The conversation between Pilate and Jesus that we hear about in today’s Gospel reading is significant. It is one of the very few occasions in the life of our Lord that he admits to being king. The Lord Jesus is usually quite reticent about this matter–not only out of humility, but also out of caution: Then as in today, kingship is easily stereotyped into the worldly type of kingship, where power is wielded and coercion employed.
But as Jesus clarifies to Pilate, his brand of kingship is nothing remotely similar to the world’s usual notion of it. “My kingdom does not belong to this world,” he tells the bewildered prefect of Judea. Many of us probably agree with Pilate more than we think. While our lips profess that Christ is King, when push comes to shove, our concept of kingship lapses into the world’s. Putting it another way, we want Jesus to be a mighty superhero who destroys all of his enemies and emerge from the ruins as the clear victor.
Indeed destroy his enemies and emerge as victor he will–but not quite in the manner we hope or expect. Based on the way God has acted in history, especially as manifested in the very person of Jesus, his life and death, the Lord will bring about his kingdom in a way that counts on people’s cooperation. As a consequence, the coming about of his kingdom will involve no coercion and will, therefore, be less swift and less smooth than we want. Christ will emerge as King when we freely allow him to rule our decisions and actions.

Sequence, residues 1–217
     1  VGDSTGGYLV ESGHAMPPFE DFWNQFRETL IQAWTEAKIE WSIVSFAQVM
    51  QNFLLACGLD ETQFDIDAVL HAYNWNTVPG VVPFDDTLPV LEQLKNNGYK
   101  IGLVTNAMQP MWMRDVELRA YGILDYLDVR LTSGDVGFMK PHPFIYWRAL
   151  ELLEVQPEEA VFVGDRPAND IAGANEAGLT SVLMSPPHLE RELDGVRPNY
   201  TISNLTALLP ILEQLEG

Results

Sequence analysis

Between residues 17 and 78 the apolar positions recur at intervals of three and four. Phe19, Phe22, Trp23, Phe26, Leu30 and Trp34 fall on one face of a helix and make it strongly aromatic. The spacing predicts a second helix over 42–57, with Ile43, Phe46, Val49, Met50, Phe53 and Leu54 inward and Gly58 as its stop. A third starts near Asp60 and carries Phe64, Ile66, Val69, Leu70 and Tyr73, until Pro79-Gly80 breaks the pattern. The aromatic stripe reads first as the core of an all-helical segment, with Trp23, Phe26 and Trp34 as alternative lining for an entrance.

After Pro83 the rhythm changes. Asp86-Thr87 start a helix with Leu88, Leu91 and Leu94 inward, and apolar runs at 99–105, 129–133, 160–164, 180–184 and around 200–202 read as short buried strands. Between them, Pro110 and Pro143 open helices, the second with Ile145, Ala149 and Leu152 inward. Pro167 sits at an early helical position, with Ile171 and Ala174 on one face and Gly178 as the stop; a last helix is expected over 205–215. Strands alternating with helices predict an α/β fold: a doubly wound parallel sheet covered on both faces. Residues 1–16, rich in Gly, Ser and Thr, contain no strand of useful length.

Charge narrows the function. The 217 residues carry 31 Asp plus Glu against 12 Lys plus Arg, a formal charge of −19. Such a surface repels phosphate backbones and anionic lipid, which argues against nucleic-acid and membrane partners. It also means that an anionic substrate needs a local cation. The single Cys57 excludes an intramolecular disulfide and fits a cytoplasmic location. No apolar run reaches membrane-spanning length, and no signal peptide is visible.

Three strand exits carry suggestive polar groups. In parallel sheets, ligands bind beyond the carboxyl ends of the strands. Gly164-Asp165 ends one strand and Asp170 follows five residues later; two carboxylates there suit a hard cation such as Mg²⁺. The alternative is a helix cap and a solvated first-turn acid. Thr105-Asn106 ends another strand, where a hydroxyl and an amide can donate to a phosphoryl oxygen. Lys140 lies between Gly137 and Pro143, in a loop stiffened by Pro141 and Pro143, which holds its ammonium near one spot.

When our Lord revealed his kingship to Pilate, he was inviting him to listen. Seeing the helplessness of Jesus before him, Pilate would not find the revelation easy to understand or accept. He could have asked Jesus questions like: “How can this be?” or “What does it mean to be a king that does not belong to this world?” These questions could have opened doors to a faith in Jesus. But Pilate asks no such questions.
It is not included in this excerpt, but in the very next verse, Pilate instead asks Jesus, “What is truth?” It is a rhetorical question, for which no answer is expected or desired. It is a question that shuts the door to any possibility of recognizing Jesus as King although it seems that the thought may have lingered in Pilate and disturbed him, for even after his verdict–and against the protestation of the Jews–Pilate insisted on hanging the inscription that declared Jesus “King of the Jews.”
On this Solemnity of Christ the King, we are offered a portrait of a King who, in a world that continues to be shaken by unspeakable violence, seems far from triumphant, we must have questions we want to ask. What are your questions? And do your questions open or shut the door to our King?